I give a clear, detailed, and careful development of the basic facts on manifold theory and Lie Groups. I include differentiable manifolds, tensors and differentiable forms. Lie groups and homogenous spaces, integration on manifolds, and in addition provide a proof of the de Rham theorem via sheaf cohomology theory, and develop the local theory of elliptic operators culminating in a proof of the Hodge theorem. Those interested in any of the diverse areas of mathematics requiring the notion of a differentiable manifold will find me extremely useful.

Which Springer GTM would you be? The Springer GTM


Powered by Blogger

This is my blog on library and information science. I'm into Sci/Tech libraries, special libraries, personal information management, sci/tech scholarly comms.... My name is Christina Pikas and I'm a librarian in a physics, astronomy, math, computer science, and engineering library. I'm also a doctoral student at Maryland. Any opinions expressed here are strictly my own and do not necessarily reflect those of my employer or CLIS. You may reach me via e-mail at cpikas {at} gmail {dot} com.

Site Feed (ATOM)

Add to My Yahoo!

Creative Commons License
Christina's LIS Rant by Christina K. Pikas is licensed under a Creative Commons Attribution 3.0 United States License.

Christina Kirk Pikas

Laurel , Maryland , 20707 USA
Most Recent Posts
-- Moved to Scientopia
-- I've been assimilated!
-- Hey science librarians...
-- Can we design *a* community for *scientists*
-- Comps readings this week
-- How would you design a collaboration community for...
-- Why ghostwriting, ghost management, and fake journ...
-- Should authors attest that they did a minimal lit ...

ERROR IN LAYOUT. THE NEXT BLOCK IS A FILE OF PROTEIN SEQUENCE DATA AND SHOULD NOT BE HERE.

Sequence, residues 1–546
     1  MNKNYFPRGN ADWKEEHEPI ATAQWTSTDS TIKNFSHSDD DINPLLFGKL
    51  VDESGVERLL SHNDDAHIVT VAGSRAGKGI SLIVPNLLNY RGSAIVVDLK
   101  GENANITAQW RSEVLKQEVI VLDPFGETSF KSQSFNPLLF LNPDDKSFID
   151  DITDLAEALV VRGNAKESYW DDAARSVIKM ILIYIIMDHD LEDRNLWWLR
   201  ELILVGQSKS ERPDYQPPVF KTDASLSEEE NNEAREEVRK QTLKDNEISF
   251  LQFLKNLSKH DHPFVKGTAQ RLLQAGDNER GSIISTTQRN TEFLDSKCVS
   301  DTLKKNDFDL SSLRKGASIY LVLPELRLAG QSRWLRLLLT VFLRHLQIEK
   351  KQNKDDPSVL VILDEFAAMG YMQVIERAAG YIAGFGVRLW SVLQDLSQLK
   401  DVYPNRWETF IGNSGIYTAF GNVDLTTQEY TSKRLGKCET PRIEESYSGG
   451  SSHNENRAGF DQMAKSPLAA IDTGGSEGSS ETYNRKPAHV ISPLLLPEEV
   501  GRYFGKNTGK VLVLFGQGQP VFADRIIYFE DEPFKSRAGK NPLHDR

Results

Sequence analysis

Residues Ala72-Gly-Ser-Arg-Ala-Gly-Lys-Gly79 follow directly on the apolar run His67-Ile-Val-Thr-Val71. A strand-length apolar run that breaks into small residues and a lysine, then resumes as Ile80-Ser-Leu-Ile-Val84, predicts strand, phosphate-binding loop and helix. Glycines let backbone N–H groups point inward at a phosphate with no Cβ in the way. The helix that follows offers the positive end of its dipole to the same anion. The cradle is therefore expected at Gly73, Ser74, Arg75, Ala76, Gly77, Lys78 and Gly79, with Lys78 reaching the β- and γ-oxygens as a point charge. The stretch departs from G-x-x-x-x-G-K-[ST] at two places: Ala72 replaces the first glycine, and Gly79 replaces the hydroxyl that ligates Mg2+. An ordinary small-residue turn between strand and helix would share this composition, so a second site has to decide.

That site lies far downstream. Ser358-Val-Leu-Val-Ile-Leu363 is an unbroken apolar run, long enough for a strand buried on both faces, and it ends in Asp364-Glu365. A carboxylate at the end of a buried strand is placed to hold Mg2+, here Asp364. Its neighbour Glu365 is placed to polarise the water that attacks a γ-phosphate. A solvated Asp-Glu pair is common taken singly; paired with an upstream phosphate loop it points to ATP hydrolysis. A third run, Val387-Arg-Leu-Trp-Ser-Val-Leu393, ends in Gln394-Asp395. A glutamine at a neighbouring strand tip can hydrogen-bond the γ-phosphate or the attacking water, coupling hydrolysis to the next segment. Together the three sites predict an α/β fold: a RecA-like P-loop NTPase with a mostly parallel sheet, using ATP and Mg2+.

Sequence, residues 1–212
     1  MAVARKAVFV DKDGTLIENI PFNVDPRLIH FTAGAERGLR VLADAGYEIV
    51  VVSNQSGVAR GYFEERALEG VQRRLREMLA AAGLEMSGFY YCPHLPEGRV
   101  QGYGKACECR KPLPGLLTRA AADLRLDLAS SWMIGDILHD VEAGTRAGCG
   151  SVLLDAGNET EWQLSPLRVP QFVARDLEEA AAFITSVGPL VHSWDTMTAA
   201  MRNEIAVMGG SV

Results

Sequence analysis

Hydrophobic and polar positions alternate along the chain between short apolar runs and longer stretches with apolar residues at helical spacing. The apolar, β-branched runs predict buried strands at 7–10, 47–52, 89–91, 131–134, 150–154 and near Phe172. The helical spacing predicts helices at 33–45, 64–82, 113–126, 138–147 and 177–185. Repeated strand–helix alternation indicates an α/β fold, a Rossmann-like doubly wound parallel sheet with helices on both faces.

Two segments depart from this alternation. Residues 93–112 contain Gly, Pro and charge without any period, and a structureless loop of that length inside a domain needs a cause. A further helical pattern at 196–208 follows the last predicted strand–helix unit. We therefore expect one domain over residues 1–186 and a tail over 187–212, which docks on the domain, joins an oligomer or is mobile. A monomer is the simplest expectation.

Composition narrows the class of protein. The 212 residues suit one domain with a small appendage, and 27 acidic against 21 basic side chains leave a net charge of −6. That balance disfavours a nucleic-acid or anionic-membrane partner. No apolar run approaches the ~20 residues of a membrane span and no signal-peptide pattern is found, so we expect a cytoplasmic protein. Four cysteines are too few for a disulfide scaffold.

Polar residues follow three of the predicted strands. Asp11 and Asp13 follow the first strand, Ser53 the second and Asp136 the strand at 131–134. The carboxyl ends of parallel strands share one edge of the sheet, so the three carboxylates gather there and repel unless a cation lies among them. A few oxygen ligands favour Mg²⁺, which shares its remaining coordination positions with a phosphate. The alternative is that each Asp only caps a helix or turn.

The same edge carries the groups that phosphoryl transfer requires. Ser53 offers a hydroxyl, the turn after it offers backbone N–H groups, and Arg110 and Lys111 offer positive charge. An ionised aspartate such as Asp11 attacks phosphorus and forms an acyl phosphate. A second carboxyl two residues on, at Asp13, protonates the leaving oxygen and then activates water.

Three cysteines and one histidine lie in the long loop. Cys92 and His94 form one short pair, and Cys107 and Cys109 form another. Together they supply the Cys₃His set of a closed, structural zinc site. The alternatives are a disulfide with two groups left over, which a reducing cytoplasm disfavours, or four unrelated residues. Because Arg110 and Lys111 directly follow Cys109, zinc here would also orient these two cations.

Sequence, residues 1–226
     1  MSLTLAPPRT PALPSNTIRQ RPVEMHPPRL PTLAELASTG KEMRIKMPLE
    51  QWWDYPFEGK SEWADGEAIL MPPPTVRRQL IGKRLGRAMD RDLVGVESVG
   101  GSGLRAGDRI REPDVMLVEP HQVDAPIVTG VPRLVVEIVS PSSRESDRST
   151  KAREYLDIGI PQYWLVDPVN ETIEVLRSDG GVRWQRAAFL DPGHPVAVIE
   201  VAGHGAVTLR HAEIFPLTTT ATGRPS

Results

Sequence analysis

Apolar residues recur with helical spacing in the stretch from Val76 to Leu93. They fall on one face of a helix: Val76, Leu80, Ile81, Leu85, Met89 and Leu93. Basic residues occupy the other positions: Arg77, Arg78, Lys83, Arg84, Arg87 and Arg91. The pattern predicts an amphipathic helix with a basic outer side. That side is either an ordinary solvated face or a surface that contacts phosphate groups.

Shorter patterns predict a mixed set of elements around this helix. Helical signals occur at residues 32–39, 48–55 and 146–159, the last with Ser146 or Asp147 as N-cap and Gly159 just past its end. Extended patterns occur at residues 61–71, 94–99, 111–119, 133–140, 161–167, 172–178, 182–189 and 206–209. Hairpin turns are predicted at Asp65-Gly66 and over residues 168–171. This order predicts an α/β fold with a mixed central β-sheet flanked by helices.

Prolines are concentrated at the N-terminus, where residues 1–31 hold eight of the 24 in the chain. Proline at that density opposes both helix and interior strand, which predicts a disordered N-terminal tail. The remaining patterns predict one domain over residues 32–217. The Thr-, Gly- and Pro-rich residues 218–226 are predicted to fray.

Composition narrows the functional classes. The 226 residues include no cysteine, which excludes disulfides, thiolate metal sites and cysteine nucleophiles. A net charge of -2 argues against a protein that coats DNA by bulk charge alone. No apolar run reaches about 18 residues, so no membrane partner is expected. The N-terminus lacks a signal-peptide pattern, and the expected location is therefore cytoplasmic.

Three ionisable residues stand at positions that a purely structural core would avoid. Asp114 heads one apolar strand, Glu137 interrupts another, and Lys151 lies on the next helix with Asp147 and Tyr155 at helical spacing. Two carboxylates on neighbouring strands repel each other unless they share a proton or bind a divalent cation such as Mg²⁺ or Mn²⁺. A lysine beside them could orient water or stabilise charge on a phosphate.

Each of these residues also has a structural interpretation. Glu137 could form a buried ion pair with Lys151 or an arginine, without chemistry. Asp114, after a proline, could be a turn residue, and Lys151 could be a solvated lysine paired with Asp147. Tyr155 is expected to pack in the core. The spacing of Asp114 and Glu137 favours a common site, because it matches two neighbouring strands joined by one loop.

-- Comps preparations
-- How should advertising work in online journals?
02/01/2004 - 03/01/2004 / 03/01/2004 - 04/01/2004 / 04/01/2004 - 05/01/2004 / 05/01/2004 - 06/01/2004 / 06/01/2004 - 07/01/2004 / 07/01/2004 - 08/01/2004 / 08/01/2004 - 09/01/2004 / 09/01/2004 - 10/01/2004 / 10/01/2004 - 11/01/2004 / 11/01/2004 - 12/01/2004 / 12/01/2004 - 01/01/2005 / 01/01/2005 - 02/01/2005 / 02/01/2005 - 03/01/2005 / 03/01/2005 - 04/01/2005 / 04/01/2005 - 05/01/2005 / 05/01/2005 - 06/01/2005 / 06/01/2005 - 07/01/2005 / 07/01/2005 - 08/01/2005 / 08/01/2005 - 09/01/2005 / 09/01/2005 - 10/01/2005 / 10/01/2005 - 11/01/2005 / 11/01/2005 - 12/01/2005 / 12/01/2005 - 01/01/2006 / 01/01/2006 - 02/01/2006 / 02/01/2006 - 03/01/2006 / 03/01/2006 - 04/01/2006 / 04/01/2006 - 05/01/2006 / 05/01/2006 - 06/01/2006 / 06/01/2006 - 07/01/2006 / 07/01/2006 - 08/01/2006 / 08/01/2006 - 09/01/2006 / 09/01/2006 - 10/01/2006 / 10/01/2006 - 11/01/2006 / 11/01/2006 - 12/01/2006 / 12/01/2006 - 01/01/2007 / 01/01/2007 - 02/01/2007 / 02/01/2007 - 03/01/2007 / 03/01/2007 - 04/01/2007 / 04/01/2007 - 05/01/2007 / 05/01/2007 - 06/01/2007 / 06/01/2007 - 07/01/2007 / 07/01/2007 - 08/01/2007 / 08/01/2007 - 09/01/2007 / 09/01/2007 - 10/01/2007 / 10/01/2007 - 11/01/2007 / 11/01/2007 - 12/01/2007 / 12/01/2007 - 01/01/2008 / 01/01/2008 - 02/01/2008 / 02/01/2008 - 03/01/2008 / 03/01/2008 - 04/01/2008 / 04/01/2008 - 05/01/2008 / 05/01/2008 - 06/01/2008 / 06/01/2008 - 07/01/2008 / 07/01/2008 - 08/01/2008 / 08/01/2008 - 09/01/2008 / 09/01/2008 - 10/01/2008 / 10/01/2008 - 11/01/2008 / 11/01/2008 - 12/01/2008 / 12/01/2008 - 01/01/2009 / 01/01/2009 - 02/01/2009 / 02/01/2009 - 03/01/2009 / 03/01/2009 - 04/01/2009 / 04/01/2009 - 05/01/2009 / 05/01/2009 - 06/01/2009 / 08/01/2010 - 09/01/2010 /

Some of what I'm scanning

Locations of visitors to this page

Search this site

(google api)
How this works

Where am I?

N 39 W 76